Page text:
Immediately putting me at ease with her gracious good humor, I found that Linnea is quick to smile, very kind, open minded and just generally fun to talk to. I had promised to keep our interview to 30 minutes, but over an hour later we were still chatting. Like her art, she is absolutely engaging.
Keep reading to learn more about this amazing, intuitive artist.
SnS: Linnea, please tell us who, or what, inspired your love of art?
L.T.: My grandfather used to take me to a little art supply store where he lived in Hot Springs, South Dakota. I loved going there – art supply stores are like candy stores for me! I would take my new supplies, hang out in his basement workshop, and draw. He made wood furniture, but he also liked to talk about drawing. My cousin is an artist and I remember as kids he would always have a sketchbook filled with amazing drawings and cartoons that he had created. I was fascinated by them.
SnS: Are you classically trained, or self taught?
L.T.: I always drew as a kid, but I also took quite a few classes as well. I studied art at Evergreen State College in Olympia, WA and spent my senior year in Europe, at the Aegean Center for the Fine Arts on the island of Paros, in Greece. I also took classes at Humboldt State University in Arcata, CA, a few years later.
SnS: So how long have you been in Spokane, what drew you here?
L.T.: After graduating from Evergreen State College in 1991, I moved to Mendocino, CA and lived there for a few years before moving to Arcata. I moved to Spokane about three and a half years ago, when my husband landed a job here. I have a sister who lives here too, so this area wasn’t completely unfamiliar to me.
SnS: What mediums do you work with, and which is your favorite?
L.T.: I have worked with almost everything you can imagine, and I have liked all of it. I’ve worked with pastels, watercolor, oil, acrylics, encaustic, gouache, collage, colored pencil, printmaking, and clay.
Currently, I love fluid acrylics, watercolor, and experimenting with a combination of encaustic and pyrography.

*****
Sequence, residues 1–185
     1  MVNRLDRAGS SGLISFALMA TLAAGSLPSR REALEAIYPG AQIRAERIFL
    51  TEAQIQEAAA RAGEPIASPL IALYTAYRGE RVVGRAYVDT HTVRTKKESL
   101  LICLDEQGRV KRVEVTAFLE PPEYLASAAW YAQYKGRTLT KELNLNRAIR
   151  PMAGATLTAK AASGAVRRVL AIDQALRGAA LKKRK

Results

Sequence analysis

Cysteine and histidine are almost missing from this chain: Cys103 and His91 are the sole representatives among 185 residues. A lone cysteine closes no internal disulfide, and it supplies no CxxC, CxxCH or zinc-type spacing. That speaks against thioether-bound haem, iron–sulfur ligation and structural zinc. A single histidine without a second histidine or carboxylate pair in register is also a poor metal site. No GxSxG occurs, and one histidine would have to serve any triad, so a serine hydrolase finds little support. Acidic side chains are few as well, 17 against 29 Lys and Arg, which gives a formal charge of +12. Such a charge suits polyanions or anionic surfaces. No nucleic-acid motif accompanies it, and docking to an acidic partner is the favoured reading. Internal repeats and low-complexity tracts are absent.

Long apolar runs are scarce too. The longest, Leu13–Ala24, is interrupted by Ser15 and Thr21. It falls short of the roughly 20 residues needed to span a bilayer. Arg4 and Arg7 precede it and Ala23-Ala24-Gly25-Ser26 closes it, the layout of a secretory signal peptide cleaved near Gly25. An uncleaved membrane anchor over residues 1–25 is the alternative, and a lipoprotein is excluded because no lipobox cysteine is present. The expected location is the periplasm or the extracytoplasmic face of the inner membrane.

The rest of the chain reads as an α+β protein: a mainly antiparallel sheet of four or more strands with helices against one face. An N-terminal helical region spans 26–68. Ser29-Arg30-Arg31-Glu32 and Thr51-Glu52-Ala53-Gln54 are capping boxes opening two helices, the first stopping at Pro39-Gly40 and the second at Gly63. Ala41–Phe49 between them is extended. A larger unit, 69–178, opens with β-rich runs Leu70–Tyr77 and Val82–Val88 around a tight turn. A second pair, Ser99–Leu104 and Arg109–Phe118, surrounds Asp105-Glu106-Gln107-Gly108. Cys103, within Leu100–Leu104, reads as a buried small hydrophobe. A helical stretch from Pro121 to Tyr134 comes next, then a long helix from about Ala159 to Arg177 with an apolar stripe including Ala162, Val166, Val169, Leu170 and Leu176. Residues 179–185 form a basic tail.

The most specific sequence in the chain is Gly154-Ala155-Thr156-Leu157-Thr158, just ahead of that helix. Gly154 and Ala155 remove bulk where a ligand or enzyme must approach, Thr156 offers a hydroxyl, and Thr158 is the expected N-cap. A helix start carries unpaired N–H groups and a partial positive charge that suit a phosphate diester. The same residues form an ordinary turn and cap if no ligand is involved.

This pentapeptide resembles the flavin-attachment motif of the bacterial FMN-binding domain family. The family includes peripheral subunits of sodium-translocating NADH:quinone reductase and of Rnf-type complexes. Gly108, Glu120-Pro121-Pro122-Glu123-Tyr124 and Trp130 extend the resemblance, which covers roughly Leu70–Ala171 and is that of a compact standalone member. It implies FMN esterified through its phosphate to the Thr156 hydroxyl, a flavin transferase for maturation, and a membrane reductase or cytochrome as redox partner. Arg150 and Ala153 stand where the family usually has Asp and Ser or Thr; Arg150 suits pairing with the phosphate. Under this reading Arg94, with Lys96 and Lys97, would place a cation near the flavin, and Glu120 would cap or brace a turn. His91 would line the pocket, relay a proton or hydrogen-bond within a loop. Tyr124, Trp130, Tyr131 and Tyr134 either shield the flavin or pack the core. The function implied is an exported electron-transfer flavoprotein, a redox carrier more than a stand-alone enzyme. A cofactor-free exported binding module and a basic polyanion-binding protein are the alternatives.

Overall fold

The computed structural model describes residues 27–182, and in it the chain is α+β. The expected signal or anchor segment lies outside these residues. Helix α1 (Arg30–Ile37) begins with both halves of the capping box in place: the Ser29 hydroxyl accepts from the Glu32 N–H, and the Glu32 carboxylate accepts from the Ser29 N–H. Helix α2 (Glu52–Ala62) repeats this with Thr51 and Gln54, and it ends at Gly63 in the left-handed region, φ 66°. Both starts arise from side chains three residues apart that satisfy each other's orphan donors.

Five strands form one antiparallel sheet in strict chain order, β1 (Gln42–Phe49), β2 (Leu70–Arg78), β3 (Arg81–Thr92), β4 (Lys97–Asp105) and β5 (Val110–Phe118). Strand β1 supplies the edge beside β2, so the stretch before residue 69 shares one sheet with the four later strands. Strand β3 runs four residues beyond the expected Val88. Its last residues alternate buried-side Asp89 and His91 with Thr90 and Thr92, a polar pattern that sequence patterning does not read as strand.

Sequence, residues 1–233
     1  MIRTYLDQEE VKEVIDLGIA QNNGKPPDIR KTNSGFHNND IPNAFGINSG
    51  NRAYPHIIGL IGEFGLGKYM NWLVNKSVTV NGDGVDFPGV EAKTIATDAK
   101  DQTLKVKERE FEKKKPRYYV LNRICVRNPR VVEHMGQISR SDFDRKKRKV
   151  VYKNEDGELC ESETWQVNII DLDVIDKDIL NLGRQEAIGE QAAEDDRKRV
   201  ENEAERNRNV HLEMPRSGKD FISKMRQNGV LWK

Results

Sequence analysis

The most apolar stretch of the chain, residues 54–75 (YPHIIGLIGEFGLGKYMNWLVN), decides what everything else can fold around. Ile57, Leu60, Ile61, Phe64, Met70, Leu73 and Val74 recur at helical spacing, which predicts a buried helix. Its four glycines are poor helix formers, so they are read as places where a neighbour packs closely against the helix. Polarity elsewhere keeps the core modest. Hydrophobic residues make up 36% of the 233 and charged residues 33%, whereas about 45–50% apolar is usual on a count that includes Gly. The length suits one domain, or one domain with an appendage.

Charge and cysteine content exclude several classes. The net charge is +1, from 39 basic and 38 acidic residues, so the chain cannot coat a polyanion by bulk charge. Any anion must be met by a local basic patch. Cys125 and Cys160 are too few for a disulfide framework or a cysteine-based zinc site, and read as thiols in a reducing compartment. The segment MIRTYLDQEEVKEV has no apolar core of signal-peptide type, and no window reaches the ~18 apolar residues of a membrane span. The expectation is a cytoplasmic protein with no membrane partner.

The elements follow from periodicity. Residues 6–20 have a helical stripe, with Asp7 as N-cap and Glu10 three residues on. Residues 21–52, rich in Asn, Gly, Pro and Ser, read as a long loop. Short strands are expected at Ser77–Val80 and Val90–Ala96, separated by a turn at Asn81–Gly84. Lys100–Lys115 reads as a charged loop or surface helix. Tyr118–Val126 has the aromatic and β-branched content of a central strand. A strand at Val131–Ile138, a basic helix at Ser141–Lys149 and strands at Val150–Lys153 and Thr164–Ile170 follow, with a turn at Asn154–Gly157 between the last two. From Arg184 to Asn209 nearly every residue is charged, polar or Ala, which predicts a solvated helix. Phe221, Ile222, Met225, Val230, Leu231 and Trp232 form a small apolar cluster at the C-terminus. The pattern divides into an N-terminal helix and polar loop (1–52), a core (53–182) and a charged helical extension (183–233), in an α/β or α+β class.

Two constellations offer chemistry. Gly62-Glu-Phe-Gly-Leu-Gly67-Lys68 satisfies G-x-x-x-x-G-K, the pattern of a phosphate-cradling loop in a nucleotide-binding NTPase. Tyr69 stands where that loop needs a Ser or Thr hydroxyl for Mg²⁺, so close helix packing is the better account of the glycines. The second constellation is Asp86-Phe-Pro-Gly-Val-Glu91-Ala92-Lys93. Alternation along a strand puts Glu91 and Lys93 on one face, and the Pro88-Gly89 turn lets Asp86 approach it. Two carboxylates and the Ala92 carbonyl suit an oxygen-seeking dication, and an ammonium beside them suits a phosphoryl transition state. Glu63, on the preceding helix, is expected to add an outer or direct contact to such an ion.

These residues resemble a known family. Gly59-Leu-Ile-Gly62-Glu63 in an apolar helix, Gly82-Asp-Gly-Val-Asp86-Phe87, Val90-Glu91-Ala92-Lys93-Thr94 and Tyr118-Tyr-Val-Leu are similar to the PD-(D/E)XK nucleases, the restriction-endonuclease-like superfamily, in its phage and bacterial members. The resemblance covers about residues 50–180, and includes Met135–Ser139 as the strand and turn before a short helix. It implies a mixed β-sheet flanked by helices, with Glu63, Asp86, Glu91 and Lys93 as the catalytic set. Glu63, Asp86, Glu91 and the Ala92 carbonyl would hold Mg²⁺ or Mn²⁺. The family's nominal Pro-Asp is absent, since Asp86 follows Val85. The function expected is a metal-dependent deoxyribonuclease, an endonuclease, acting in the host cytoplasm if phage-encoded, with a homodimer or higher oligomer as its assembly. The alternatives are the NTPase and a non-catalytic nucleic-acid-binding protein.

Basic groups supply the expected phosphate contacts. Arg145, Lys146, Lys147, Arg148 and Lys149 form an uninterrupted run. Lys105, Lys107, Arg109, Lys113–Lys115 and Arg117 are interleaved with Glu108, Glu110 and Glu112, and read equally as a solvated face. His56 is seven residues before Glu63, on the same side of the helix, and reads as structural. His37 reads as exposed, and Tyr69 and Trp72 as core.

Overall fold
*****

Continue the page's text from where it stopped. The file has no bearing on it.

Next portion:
SnS: For folks like me, who are not artists, please explain encaustic and pyrography? I’m guessing pyrography has something to do with fire.
L.T.: Yes, it does. Pyrography is wood burning. Encaustic is a mixture of pigment, beeswax, and varnish. You heat the mixture up and use the resultant colored wax to “paint” with. It isn’t precise, but is fun to work with.
SnS: How would you describe your style, and which artists (if any) influenced it?
L.T.: I’ve always found that a hard question to answer. I love color and nature. I paint intuitively, starting with an idea or drawing that inspires me. I add pattern to it, or abstract imagery, and I put it together going with what feels right. It’s like putting together a puzzle, and only my intuitive self knows the answer.
Quite a few artists inspire me. Paul Klee, Pierre Bonnard, Gustav Klimt, and Odilon Redon are a few.
SnS: Where else do you find inspiration / motivation for your art? Do you listen to music, hike through the woods, drink herbal tea while watching Syfy or Nat Geo?
L.T.: I love to spend time outdoors taking long walks with my dogs, or in my garden. Nature gives me the most inspiration. When I lived in California, I lived next to a redwood forest. It was amazing, and I loved the light. Now that I’m in Spokane, the light is different, darker, but I’m still close to nature and enjoy many of the walking trails and parks throughout town.
I often meditate before I paint. It puts me in a calm, receptive mood. Puts me in “the zone” so to speak. The zone is where I find my flow, transcend self imposed limitations, and let creativity lead me. I also love to travel, and find lots of inspiration from that.
SnS: Travel is always good. Do you have any destination goals?
L.T.: Oh, so many! I’d like to visit Denmark, Norway, Spain, Vienna, Prague, and Japan. Here in the states, I’d like to visit New Orleans, but not during Mardi Gras. I don’t enjoy crowds that big.